Taoiseach and Sarkozy in clash over corporation tax
Published 12/03/2011 | 08:06
Emerging from his first EU summit, Mr Kenny was confident of securing a 1pc reduction in the interest rate on the bailout at the end of the month.
The Taoiseach said there was acceptance of the principle made by Ireland that a cut in the bailout on the interest rate was necessary without any agreement on a deal.
But Mr Sarkozy and German Chancellor Angela Merkel ganged up on Mr Kenny, demanding a change to our corporation tax system in return for bringing down the interest rate.
Attending his first EU summit, Mr Kenny had a row with Mr Sarkozy after the French leader described Ireland's corporation tax regime as "harmful".
Mr Kenny said he had a "good, vigorous and vibrant" discussion with Mr Sarkozy.
"I'm not sure whether you would call it a Gallic spat or not but obviously the French President has very clear views about the corporation tax rate for quite some time -- and then, so have I," he said.
Mr Kenny refused to reduce the corporation tax rate saying it was an issue he "could not comtemplate". He also said a common corporation tax base across the EU "was harmonisation of the tax rates by the back door and this would be detrimental to Ireland and to Europe".
Mr Kenny said he was willing to engage in negotiation on what he described as the "language about tax policy" contained in the bailout agreement.
The European Commission is due to publish proposals next week on a common set of rules for the collection of corporation tax across Europe.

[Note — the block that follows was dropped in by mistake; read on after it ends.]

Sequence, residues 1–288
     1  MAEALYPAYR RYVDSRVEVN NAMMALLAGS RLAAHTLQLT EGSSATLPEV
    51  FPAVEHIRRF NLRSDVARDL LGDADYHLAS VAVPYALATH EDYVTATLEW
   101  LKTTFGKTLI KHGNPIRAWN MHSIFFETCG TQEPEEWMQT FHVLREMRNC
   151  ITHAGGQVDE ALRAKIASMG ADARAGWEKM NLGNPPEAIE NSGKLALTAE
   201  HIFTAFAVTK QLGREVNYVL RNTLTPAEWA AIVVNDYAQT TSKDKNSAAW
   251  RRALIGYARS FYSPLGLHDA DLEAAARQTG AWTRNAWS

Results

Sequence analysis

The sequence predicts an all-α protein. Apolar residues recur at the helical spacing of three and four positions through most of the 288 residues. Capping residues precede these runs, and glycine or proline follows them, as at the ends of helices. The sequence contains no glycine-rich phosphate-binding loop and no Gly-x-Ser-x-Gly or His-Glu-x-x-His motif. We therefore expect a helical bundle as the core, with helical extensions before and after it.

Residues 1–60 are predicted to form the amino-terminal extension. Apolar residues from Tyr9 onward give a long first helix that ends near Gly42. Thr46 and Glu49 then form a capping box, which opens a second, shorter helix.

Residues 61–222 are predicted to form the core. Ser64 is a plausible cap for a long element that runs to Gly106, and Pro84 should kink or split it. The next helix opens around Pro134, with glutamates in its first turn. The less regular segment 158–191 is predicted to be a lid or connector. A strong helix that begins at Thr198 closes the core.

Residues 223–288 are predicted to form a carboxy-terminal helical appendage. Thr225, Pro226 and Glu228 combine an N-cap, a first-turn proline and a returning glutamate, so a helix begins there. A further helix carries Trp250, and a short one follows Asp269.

Mr Sarkozy and Ms Merkel also held a private meeting with Mr Kenny to put pressure on the Taoiseach over the corporation tax regime.
European Council President Herman Van Rompuy is also believed to have been involved in the discussion on the margins of the EU summit.
The European heavy-hitters are prepared to ease the burden of Ireland's bailout terms -- but only if the government compromised on the corporate tax base.
Germany and France want to prevent companies from paying a lower rate of corporation tax in Ireland, without having a full operation in this country.
Those two countries are offering to be flexible on the EU- IMF package if there is a concession given on corporation tax.
Mr Kenny is insisting he won't give anything away on the Irish corporation tax -- neither the rate nor the base.
EArlier Mr Kenny got a round of applause from EU leaders as he attended his first summit last night but he was still told he will have to give something in return for deal on Ireland's bailout.
Mr Kenny asked for a reduction in the bailout interest rate when the crisis in the eurozone was discussed by the leaders of the 17 countries using the currency as Portugal edged closer to also requiring a rescue package.
The Taoiseach also spoke with US President Barack Obama, who congratulated him on his election and said he looked forward to meeting him next week for the St Patrick's Day visit to the White House. During an eight-minute telephone conversation, Mr Kenny recalled how he was in Denver, Colorado when Mr Obama was selected as the Democratic Party candidate for the US Presidency.